Third, note how the Lord is master of each of these miracles. At the wedding, He is master of a dilemma – no wine. With the nobleman’s son, He is the master of distance. At the pool of Bethesda, He is master over the man’s disability. With the feeding of the five thousand, He is master of the distribution to meet the need. In walking on the sea, He is master over danger and despair. In healing the man born blind, He demonstrates that He is master over the man’s physical darkness. When Lazarus was raised, the Lord was master over death. Thinking of the disciples’ disastrous fishing trip, the Lord shows He is master of the deep. What power the Lord demonstrated, enough to show that He is indeed the Christ.
Fourth, as Peter preached concerning the Lord, ‘who went about doing good’, Acts 10. 38, let us note what good or profit the Lord brought.
In chapter 2, the narrative makes it clear that it was six water pots of water, which would contain something like twenty or thirty gallons each, and so it was some task. We read of the reaction of the ruler of the feast, vv. 9, 10, but not the servants. They must fill them to the brim, meaning nothing can be added, and then draw out and distribute it. It was good wine. The Lord brought gladness to the wedding.
In considering the healing of the nobleman’s son, the Lord removed sadness from him. This man showed faith, and, from a distance, the son was healed. Faith rests in God’s word and responds. It requires no sign. May our faith increase in every situation of life.
The scene changes in chapter 5 to a man by a pool. Bethesda looked like a modern hospital’s A & E Department. Many had ‘written him off’ because he had been in that condition for so long, but not the Lord. The man singled out for mercy was nameless, friendless, helpless, hopeless, and useless but he met someone that day with power to heal. Here was someone to help. The cure was as simple as the condition.
Coming to the feeding of the five thousand plus others, it must have been wonderful to witness. In creation, God made something out of nothing and, in feeding the multitude, the Lord from a small amount kept feeding the gathered throng – the lad’s lunch became the meal for the multitude. The Lord had compassion on them all, 6. 5, and met the need of all.
Later in that same chapter, we read of the Lord walking on the water. The Lord’s voice is heard through the storm, ‘It is I’, v. 20. Though many of the disciples had been fishermen and should have known such storms in the past, fear gripped them. It was the Man walking on the water that changed the scene. The difference becomes evident later when these same men are noted for their boldness, Acts 4. 31. His presence and power on and in the sea exemplify what He brings to His own in the troubles and storms of life that may beset us.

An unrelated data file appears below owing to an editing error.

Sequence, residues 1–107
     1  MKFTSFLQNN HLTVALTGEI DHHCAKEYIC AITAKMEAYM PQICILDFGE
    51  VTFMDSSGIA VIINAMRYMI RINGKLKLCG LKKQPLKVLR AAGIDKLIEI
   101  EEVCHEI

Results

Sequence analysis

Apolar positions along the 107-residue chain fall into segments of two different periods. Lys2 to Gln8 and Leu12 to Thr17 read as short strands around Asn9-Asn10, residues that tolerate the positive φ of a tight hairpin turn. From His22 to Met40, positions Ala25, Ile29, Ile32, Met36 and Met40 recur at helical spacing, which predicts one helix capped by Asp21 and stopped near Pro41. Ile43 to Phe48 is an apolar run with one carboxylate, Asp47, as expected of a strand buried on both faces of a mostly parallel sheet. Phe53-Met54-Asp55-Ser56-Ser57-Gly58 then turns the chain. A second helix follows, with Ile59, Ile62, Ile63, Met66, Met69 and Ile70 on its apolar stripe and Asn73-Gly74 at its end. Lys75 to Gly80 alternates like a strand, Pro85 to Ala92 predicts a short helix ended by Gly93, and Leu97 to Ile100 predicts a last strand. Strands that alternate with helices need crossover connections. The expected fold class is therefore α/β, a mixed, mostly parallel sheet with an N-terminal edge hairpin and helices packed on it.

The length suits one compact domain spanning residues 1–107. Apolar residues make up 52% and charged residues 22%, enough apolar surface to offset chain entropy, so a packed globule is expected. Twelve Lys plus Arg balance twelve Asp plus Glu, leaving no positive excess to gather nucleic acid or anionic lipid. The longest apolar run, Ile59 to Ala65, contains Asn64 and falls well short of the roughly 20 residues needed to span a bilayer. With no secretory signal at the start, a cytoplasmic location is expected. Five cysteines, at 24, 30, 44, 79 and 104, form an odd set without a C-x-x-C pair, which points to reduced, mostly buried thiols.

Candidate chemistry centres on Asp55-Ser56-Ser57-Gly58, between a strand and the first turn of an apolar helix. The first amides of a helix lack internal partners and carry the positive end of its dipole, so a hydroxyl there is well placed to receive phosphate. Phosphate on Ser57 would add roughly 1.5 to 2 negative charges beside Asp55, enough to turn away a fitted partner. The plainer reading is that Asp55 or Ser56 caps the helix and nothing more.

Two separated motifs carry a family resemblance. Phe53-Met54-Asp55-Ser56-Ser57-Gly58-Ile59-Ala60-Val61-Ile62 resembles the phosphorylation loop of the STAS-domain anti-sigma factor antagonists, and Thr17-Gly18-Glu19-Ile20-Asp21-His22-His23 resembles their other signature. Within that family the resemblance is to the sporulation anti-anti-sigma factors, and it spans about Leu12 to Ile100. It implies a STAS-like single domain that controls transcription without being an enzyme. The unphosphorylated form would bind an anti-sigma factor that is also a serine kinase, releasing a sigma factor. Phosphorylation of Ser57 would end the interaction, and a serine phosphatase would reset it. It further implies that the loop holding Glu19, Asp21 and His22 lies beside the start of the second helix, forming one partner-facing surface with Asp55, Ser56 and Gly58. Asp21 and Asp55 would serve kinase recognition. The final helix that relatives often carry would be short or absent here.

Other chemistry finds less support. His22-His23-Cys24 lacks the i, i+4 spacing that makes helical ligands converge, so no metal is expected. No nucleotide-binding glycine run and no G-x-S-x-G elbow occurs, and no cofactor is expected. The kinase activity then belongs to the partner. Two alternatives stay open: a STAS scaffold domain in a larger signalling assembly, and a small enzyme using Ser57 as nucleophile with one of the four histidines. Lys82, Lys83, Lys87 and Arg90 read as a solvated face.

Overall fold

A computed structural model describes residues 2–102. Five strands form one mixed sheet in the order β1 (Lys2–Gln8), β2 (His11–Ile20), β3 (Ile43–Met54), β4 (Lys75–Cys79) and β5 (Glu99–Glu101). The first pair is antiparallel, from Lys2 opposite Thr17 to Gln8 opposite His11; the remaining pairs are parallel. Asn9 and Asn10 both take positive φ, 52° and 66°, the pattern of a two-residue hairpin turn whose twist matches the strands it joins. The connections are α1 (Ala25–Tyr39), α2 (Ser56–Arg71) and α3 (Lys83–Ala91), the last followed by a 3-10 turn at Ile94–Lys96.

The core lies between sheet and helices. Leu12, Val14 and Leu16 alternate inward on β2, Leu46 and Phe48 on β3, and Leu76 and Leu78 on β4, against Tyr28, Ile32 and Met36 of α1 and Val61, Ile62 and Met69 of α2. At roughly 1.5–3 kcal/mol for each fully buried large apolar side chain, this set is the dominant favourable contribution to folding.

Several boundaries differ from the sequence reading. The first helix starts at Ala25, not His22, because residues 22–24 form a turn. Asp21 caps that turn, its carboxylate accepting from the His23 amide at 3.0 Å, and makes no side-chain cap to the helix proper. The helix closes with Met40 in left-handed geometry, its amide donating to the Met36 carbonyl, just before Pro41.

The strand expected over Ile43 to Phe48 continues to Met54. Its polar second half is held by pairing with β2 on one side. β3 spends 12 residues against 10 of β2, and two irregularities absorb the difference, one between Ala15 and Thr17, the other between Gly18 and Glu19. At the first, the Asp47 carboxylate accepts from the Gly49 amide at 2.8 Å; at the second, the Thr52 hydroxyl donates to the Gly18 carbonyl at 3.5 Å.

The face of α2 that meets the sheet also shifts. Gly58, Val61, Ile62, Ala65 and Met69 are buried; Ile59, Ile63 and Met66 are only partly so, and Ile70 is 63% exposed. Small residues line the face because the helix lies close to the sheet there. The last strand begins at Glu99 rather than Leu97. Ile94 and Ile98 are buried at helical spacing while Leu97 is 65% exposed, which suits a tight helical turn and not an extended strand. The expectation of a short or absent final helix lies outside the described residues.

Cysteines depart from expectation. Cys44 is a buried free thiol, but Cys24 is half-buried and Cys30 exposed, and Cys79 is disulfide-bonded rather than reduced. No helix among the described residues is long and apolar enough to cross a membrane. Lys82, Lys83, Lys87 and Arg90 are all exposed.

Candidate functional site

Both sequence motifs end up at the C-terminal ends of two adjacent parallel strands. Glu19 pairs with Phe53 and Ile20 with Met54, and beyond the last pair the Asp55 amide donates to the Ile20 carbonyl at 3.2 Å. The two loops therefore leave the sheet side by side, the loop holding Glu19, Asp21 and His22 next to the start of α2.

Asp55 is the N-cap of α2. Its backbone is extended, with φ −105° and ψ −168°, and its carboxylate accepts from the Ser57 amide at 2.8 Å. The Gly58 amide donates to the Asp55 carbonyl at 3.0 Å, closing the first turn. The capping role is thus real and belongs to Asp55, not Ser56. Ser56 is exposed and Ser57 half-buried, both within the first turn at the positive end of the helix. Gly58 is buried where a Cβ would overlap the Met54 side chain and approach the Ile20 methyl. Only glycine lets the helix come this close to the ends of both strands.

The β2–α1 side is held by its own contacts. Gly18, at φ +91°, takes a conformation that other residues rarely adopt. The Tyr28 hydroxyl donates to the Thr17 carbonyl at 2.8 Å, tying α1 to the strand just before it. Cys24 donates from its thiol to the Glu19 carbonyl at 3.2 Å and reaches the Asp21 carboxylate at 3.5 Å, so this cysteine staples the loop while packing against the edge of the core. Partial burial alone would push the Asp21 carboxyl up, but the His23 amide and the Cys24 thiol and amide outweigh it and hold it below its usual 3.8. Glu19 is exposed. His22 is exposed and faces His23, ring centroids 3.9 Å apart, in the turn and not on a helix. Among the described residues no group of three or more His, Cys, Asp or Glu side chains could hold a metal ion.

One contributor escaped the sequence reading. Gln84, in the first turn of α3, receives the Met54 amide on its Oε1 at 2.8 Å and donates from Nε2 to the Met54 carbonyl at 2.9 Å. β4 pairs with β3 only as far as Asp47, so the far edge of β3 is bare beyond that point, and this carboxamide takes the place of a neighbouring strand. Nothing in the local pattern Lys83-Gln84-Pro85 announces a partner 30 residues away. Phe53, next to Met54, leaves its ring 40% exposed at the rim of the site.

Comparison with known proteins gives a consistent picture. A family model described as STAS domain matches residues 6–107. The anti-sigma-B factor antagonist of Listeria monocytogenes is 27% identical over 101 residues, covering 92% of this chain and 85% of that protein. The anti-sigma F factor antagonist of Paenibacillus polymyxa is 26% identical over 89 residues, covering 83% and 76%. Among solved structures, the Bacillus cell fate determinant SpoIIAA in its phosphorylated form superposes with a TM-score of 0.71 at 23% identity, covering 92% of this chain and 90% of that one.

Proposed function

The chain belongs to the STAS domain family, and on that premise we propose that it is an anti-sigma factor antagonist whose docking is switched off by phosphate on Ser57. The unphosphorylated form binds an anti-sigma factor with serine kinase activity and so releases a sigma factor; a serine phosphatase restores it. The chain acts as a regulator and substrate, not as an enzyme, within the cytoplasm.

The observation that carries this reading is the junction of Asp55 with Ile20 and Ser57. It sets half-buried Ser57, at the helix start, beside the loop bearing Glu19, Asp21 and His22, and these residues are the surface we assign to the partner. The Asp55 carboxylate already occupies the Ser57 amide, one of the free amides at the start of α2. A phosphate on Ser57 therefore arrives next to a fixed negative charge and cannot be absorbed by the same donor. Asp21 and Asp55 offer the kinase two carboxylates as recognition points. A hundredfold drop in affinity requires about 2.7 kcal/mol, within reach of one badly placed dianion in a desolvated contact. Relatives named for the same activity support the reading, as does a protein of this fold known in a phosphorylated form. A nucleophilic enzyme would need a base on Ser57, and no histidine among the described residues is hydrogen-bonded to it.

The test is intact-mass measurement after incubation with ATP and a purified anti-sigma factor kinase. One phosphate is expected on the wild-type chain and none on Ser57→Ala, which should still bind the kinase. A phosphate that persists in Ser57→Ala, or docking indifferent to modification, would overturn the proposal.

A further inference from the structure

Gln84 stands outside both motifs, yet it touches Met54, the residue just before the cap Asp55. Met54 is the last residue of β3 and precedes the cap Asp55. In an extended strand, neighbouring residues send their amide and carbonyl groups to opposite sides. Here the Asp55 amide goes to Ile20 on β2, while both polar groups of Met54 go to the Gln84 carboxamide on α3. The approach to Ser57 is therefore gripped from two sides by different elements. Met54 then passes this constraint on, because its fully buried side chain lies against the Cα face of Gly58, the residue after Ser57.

As we come to chapter 9, it emphasizes that our Lord was interested in individuals. This is also seen in chapters 4 and 5. Comparing the Lord’s encounter with a woman at the well, ch. 4, and the man born blind, ch. 9, both have an increasing appreciation of Christ. In giving sight to the man, we note the three things the Lord did: ‘made clay . . . anointed the eyes of the blind man . . . and said unto him, Go, wash in the pool of Siloam’, vv. 6, 7. In obedience, we note the three things the man did: ‘He went his way . . . and washed, and came seeing’, v. 7. All of this was ‘that the works of God should be made manifest in him’, v. 3. However, the people took some convincing as to who he was, and one cannot help but feel sorry for him as he was bombarded with questions. One thing was certain, and the words of the man himself tell it so simply, ‘whereas I was blind, now I see’, v. 25. That experience could not be taken away from him and it is a reminder of the power of a personal testimony.
Of the miracles recorded in John’s Gospel, Lazarus is the only beneficiary named. What a delightful story is brought before us in this chapter. It is appropriate that it should be set against the background of chapter 10, ‘he calleth his own sheep by name, and leadeth them out’, v. 3. Thus, we read, Jesus ‘cried with a loud voice, Lazarus, come forth’, 11. 43. In essence, Lazarus was a silent man – we never read of a word that he spoke – but his life was a tremendous and effective witness. How is our witness for the Saviour?
The miracle of chapter 21 took place in the days after the Lord’s resurrection. The seven disciples toiled all night and caught nothing – fruitless labour as a reminder of the Lord’s words ‘for without me ye can do nothing’, 15. 5. What a difference when the Lord directs the fishing operation, for He knew where the fish were! Thus, the disciples cast, they caught, and they counted! What had happened? The manpower was the same and the method was the same, but the motivation was different. What a change the Lord wrought!
May the meditation on His miracles in John’s Gospel bow our hearts in greater worship and service for the best of masters.